TO THE EDITOR
Diabetes mellitus (DM) is one of important risk factor for population health in the twenty-first century worldwide. It is of great significance to explore the lifestyle intervention mode for the prevention and treatment of type 2 diabetes mellitus (T2DM). One study found intermittent hypoxia (IH) was associated with metabolic diseases including as obesity and obstructive sleep apnea-hypopnea syndrome (OSAHS). IH may be involved in selective alterations of the gut microbiota of T2DM patients with OSAHS. Similarly, changes in gut microbiota can affect the development of T2DM.
Gut microbiota is known to change with diet. Especially when someone suffering from T2DM, doctors often recommend dietary changes to curb the progression of the disease. Changes in eating habits can disrupt the balance of gut microbiota when the body's resistance is low. The study by Liu et al showed that blood sugar levels in mouse model of T2DM induced by streptozotocin-high-fat diet were changes with gut microbiota. A large number of studies have shown that diet affects the development of diabetes. For example, blackcurrant extract enhanced insulin sensitivity and glucose-stimulated insulin secretion in non-obese type 2 diabetic rats. Therefore, the diet structure will affect the gut microbiota. However, the following questions need to be further clarified in future studies. What nutrition considerations for persons with diabetes that will impact persons? What are the recommendations for persons with diabetes concerning nutrition to be considered? The link between gut microbial, diabetes, nutrition and autoimmunity are important, but still need to be addressed.
In addition, hypoglycemic drugs also affect gut microbiota. In this study, drugs that regulate IH have an effect on the balance of gut microbiota. We strongly agree with this view. However, when taking drugs to regulate IH, hypoglycemic drugs are also used. Therefore, hypoglycemic drugs also have an impact on the balance of gut microbiota. For some patients who require combination therapy to treat diabetes and complications of diabetes, especially after combination therapy with antibiotics and hypoglycemic drugs, the impact on the intestinal flora is significant. Clinically, metformin is widely used in the treatment of T2DM. Studies have shown that gut microbiota is an active site of metformin. The gut is a potential target of metformin. Metformin induce butyrate and propionate involving glucose homeostasis. When diabetics take metformin, the gut microbiota will definitely change. Studies have also shown that treating diabetic mice with oleuropein (OP) is also treated by modulating the gut microbiota. The OP could decrease fasting blood glucose levels and improve glucose tolerance. Hypoglycemic drugs are also taken when taking drugs that regulate IH, so hypoglycemic drugs will also affect the intestinal flora of patients with IH. It is common for IH patients to take hypoglycemic drugs, so the regulation of hypoglycemic drugs on gut microbiota also needs to be discussed.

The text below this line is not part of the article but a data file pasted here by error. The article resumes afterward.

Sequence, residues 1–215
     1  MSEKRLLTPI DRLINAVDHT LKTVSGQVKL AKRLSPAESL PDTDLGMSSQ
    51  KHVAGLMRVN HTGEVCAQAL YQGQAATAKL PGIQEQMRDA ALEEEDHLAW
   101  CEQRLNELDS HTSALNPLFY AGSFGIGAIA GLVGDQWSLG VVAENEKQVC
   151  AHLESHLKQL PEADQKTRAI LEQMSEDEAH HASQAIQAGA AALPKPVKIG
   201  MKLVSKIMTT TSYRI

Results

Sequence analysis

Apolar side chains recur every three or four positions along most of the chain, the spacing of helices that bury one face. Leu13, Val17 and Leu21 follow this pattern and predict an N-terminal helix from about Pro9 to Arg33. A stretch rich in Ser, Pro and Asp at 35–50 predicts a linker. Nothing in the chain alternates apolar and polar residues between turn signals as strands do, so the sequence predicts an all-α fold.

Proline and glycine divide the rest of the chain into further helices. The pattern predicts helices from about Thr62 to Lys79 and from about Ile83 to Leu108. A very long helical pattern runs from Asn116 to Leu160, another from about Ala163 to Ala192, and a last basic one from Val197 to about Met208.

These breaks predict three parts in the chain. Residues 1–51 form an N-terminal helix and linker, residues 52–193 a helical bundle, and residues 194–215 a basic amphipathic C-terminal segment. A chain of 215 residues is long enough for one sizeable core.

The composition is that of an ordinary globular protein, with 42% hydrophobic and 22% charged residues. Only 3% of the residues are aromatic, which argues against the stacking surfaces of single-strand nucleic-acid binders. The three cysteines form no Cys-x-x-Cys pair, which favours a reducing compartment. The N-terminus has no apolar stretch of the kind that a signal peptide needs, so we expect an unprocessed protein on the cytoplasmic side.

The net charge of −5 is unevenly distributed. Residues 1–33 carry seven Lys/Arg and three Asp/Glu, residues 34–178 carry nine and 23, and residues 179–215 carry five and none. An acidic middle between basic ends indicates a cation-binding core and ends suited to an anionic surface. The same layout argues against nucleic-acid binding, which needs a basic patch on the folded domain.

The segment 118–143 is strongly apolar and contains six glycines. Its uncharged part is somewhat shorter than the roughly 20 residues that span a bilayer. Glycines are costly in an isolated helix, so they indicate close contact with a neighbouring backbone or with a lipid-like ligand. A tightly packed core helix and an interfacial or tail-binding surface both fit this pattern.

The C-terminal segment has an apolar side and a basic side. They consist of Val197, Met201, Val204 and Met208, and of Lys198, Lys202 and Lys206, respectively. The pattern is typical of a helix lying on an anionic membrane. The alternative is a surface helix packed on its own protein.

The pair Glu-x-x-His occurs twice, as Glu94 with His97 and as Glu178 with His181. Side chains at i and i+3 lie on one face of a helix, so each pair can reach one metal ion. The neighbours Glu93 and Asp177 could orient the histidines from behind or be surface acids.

On the other hand, IH may be associated with changes in gut microbiota, and it is possible that changes in gut microbiota led to IH. In the clinical setting, the effective treatment for IH is usually oxygen therapy. Thus, we can use oxygen inhalation to intervene in changes in gut microbiota. By conducting oxygen supply experiments, the relationship between IH and gut microbiota can be further reflected, which makes the research results more convincing.
The diet structure of diabetic patients is different from that of normal people. Diabetic patients also need to take hypoglycemic drugs to regulate blood sugar. Both dietary structure of patients with diabetes and hypoglycemic drugs taken by the patients with diabetes can alter the gut microbiota of the patients. Therefore, the influence of diet and drugs on the gut microbiota cannot be ignored.